‘Stone Turtle’ Review: This Stunning Malaysian Mystery Puts a Supernatural Twist on Real-World Trauma

America has “Groundhog Day.” Now Malaysia has “Stone Turtle,” a beguiling, all-around gorgeous reimagining of Southeast Asian folklore that finds its characters caught in a loop of vengeance, lust and violence from which they cannot escape. Here, it’s a dead-serious political statement rather than rom-com karma that forces island-dwelling refugee Zahara (Asmara Abigail) and an intrusive outsider (Bront Palarae) to play out repeated versions of a cautious standoff: She deals in precious leatherback turtle eggs, he claims to be a wildlife researcher, but pursues her with a passion that suggests other priorities.

“Stone Turtle” marks a welcome comeback for Woo Ming Jin (“Woman on Fire Looks for Water”), a leading voice in the Malaysian New Wave who spent the last decade working in more mainstream waters, churning out a mix of zombie flicks and popcorn movies. Now, having picked up a prestigious FIPRESCI prize at Locarno, he’s back on the international festival circuit with a project that intriguingly applies elements of genre filmmaking to a more anthropological art-house format. The result is a loony marriage between “The Wicker Man” and “Woman in the Dunes,” as an enigmatic siren in scarlet robes traps a man on the beach for all eternity, building to a dangerous ritual where lives are sacrificed and a straw effigy is set ablaze.

The movie opens with a jolt, as a woman (Masyarah Mazlan) surrenders her child to Zahara and then submits to a shocking ceremony, which appears to be some kind of feast, but ends with its guest of honor having her head smashed in from behind with a boulder. More upsetting still is the implication that the woman has willingly accepted whatever punishment this represents. Her sacrifice is intended to restore her parents’ honor, now that the victim’s daughter Nika (Samara Kenzo) is old enough to be raised by someone else.

Woo focuses on Zahara and Nika’s horrified faces at the window when the fatal blow is delivered, making clear that whatever crime the woman has committed, her death serves as an example to the rest of this cut-off community. Later, we learn that the injustice was far greater than we could have imagined — whatever shame the woman may have caused was nothing compared to the sexual assault by which Nika was conceived — in a film that confronts issues such as rape and immigrant rights not as didactic talking points but dramatic hurdles to the characters’ happiness.

Nika is now Zahara’s responsibility, and though the girl had learned to read in relative isolation, it’s time to bring her to the mainland for a more formal education. Unfortunately, the local bureaucracy insists that the girl present the appropriate documentation first, which creates another kind of circularity: Without the proper paperwork, Nika can’t enroll in school, and without school, she’s stuck on the margins of society. “Stone Turtle” never reveals where Zahara and her sister originally came from, taking its name from the island where they’ve been hiding out, presumed to be uninhabited — which gives the place an almost haunted quality, as if its residents might be ghosts.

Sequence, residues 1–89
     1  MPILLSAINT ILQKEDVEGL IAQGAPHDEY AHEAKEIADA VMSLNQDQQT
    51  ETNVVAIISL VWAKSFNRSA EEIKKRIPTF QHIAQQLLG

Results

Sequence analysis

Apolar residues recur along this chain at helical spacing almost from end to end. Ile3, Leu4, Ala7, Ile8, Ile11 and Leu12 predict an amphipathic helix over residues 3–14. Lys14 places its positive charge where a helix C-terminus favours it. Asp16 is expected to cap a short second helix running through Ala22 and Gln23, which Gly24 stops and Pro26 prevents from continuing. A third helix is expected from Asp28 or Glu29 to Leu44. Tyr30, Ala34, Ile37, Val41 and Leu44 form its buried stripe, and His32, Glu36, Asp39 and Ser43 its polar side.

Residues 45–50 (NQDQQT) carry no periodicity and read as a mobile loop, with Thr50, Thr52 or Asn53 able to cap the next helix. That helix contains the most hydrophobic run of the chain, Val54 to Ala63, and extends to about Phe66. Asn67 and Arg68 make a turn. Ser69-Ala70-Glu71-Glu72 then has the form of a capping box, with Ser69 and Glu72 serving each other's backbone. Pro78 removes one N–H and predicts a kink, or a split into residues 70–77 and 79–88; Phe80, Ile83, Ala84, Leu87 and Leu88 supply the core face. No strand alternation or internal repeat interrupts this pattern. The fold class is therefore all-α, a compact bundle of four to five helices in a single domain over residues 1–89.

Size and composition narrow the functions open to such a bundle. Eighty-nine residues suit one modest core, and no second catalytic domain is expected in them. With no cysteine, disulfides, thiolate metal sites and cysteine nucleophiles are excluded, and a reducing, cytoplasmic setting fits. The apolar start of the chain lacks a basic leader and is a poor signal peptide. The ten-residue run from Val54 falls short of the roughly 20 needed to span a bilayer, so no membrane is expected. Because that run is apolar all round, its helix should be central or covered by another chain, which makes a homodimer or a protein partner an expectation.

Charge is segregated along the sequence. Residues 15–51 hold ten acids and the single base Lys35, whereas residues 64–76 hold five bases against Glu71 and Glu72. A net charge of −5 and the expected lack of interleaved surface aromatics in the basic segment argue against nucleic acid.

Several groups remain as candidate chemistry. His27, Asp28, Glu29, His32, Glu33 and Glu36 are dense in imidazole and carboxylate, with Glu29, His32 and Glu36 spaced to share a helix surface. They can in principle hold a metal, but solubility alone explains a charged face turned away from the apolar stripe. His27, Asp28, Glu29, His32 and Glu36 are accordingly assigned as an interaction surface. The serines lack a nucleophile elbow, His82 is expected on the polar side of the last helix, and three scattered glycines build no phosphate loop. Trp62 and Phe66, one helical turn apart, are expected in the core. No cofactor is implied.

Along the Malay Peninsula’s east coast, there really are people who squat off the grid like this, and though it’s illegal for them to harvest the eggs of endangered species, authorities turn a blind eye to such behavior, since it’s practically their only means of survival. Woo could have spun this black-market activity into a gritty thriller, but instead he opts for something more mysterious and poetic, bolstered by the rare beauty of his environment — and the film’s attention-grabbing star. The whole film rides on the performance of Abigail, who has the tricky task of conveying strength gained from past traumas without revealing too much about what Zahara has been through.

When a man, Samad (Palarae), shows up on the island in a small boat, his arrival jeopardizes the refugees’ already fragile existence. Samad says he’s looking for leatherback turtles, but seems more interested in Zahara and the girl, with whom he shares a local folktale about two turtles. Woo presents this legend via hand-drawn animated sequences (overseen by indie animator Paul Williams, who worked on tropical-island toon “The Red Turtle”). Although the children’s story was intended to teach kids about greed, the film that contains it serves as a more adult-oriented cautionary tale.

Quite unexpectedly, considering the seductive build-up, Zahara and Samad wind up killing one another in a cave by the beach, and the film resets. From here on, “Stone Turtle” grows increasingly abstract. Still, tricky as it can be to untangle, everything that follows does add up according to a kind of mesmerizing dream logic, whereby the looping format plays off culturally specific ideas of karma and reincarnation. By nature, folk stories have been told countless times before, and though Zahara seeks to break the cycle of the one in which she’s trapped, the “Groundhog Day” format fits Woo’s project well: It’s both a fresh way to present that old “violence begets violence” message and a reminder of the infinite variations certain stories have in that region, where the details change but the lesson always remains the same.